Thursday, March 28, 2002

Miro Quartet makes everything sound new

Concert review

By Nicole Hamilton
The Cincinnati Enquirer

        The Miro Quartet says its days of playing weddings are over. And that's good, because you should never upstage the bride.

        It was clear from first violinist Daniel Ching's subtle but effective entrance in the second movement of Beethoven's Quartet in F major, Opus 18, No.1, Adagio affettuoso ed appassionato, that the four individuals who make up the young quartet have enormous talent.

        The quartet performed to an almost full house in Corbett Auditorium at University of Cincinnati's College-Conservatory of Music as part of the Cincinnati Chamber Society's concert series. Its repertoire included the classic and the contemporary, but it all sounded fresh.

        The Miro Quartet, which also includes second violinist Satoko Yamamoto. violist John C.A. Largess and cellist Joshua Gindele, formed in 1995 at Oberlin Conservatory of Music. Within a year, the quartet was winning major chamber music competitions. They won the prestigious Naumburg Chamber Music Award in 2000.

        If there was something familiar about the concert's opener, Beethoven's Quartet in F major, perhaps it's that it sounds like a precursor, almost like a sketch, to his famed Fifth Symphony.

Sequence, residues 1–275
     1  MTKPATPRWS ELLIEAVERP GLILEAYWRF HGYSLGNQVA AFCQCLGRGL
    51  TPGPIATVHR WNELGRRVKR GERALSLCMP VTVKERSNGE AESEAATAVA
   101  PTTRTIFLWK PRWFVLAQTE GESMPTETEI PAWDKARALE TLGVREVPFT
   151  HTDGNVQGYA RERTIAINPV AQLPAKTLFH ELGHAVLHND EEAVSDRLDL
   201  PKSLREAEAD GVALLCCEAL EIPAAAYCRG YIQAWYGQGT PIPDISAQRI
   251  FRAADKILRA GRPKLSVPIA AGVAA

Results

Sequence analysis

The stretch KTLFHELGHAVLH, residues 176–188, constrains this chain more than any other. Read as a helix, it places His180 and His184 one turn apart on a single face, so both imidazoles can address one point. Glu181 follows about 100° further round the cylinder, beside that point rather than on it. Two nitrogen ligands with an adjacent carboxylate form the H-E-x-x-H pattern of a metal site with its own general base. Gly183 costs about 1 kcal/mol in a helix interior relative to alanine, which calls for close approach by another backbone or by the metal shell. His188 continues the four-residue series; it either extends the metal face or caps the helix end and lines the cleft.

The quartet played a gorgeous interpretation. And they were exciting to watch, working with great cohesion, cueing one another as they paused at times, lifting their bows for a second of silence, before landing back on the strings simultaneously. The effect was very dramatic. Very Beethoven.

        Chinese composer Chan Ka Nin's work followed. Violist John C.A. Largess told the audience that the work contained both Eastern and Western elements, a reflection of the composer himself, who was born in Hong Kong but raised in Vancouver, B.C.

        The first movement, “Giustamente con bravura” includes a dialogue — two conflicting themes — between the first violin and the viola. The melodies give way to the chordal, freer second movement, “Misterioso,” and finally culminates in a jazzy, experimental third movement, “Allegro.”

        The quartet remained rock solid in tempo throughout the piece, thanks to the strong playing of cellist Joshua Gindele. The work was explosive, but the fire never got out of control. Again, their communication was impressive.

        Brahms' Quartet in C minor, Op. 51, No. 1 closed the concert. The opening “Allegro” was expansive and majestic — with the quartet sounding more like a full orchestra. They then captured the softer, more modest nature of the second movement, “Romanze: Poco adagio,” that featured first and second violin solos and duets. The two were well-balanced. One never overshadowed the other.

        Finishing to sustained applause, the quartet then played a short piece by Haydn as an encore.


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